Tako današnji The Economist komentira evropsko sesedanje v tretjo recesijo in (najbrž ignoriran) Draghijev predlog o nujni pomoči fiskalne politike, da se EU izogne depresiji. Sama slika na naslovnici pove vse o resnosti “skupnega reševanja” iz krize. The Economist podobno kot jaz pravi, da če evro ne prinaša nič razen stagnacije, brezposelnosti in deflacije, bodo ljudje preprosto glasovali za izstop iz evra.
Mr Montebourg’s argument is all the more seductive because he is right about Europe’s third problem: excessive austerity, largely forced on the continent by Germany. Mr Draghi has just implicitly conceded that fiscal and monetary policy in the euro zone is too tight at the annual economics jamboree in Jackson Hole. He hinted that he was in favour of quantitative easing, which both America and Britain have used, and he called for fiscal policy to do more to encourage growth—a message plainly aimed at Germany’s chancellor, Angela Merkel. She is the leader who insists most firmly on sticking to the euro zone’s rules on fiscal discipline, just as it is the German Bundesbank that is most strongly against quantitative easing.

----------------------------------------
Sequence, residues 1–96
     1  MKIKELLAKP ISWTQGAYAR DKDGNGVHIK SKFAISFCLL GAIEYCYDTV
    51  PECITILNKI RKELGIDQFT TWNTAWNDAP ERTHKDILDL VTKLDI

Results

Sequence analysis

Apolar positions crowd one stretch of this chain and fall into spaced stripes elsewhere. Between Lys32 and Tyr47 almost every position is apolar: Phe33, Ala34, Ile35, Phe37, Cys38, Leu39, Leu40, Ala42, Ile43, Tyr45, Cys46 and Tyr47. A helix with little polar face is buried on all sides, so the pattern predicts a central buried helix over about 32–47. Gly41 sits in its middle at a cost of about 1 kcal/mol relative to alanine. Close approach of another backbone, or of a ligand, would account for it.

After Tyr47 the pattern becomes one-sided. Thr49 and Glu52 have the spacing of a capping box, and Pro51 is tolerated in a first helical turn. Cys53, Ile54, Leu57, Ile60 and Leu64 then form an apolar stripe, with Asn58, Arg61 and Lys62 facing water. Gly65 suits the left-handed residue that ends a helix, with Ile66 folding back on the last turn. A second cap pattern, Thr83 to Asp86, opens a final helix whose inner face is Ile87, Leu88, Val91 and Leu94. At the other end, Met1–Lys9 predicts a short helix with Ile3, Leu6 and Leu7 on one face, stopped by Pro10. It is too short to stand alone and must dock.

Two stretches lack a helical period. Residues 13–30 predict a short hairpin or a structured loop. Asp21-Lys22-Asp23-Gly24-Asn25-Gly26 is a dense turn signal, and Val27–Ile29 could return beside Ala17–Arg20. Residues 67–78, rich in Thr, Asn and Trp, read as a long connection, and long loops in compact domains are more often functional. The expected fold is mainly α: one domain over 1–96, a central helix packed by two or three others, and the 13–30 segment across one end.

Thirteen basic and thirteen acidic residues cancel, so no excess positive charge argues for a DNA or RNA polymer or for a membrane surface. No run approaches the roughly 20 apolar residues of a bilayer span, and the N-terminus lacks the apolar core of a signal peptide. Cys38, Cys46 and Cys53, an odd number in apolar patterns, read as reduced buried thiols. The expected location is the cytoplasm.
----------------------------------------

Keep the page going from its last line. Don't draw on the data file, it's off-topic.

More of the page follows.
So it will be hard. But without a new push from the continent’s leaders, growth will not revive and deflation could take hold. Japan suffered a decade of lost growth in the 1990s, and is still struggling. But, unlike Japan, Europe is not a single cohesive country. If the currency union brings nothing but stagnation, joblessness and deflation, then some people will eventually vote to leave the euro. Thanks to Mr Draghi’s promise to put a floor under government debt, the market risk that financial pressures could trigger a break-up has receded. But the political risk that one or more countries decide to storm out of the single currency is rising all the time. The euro crisis has not gone away; it is just waiting over the horizon.
Vir: The Economist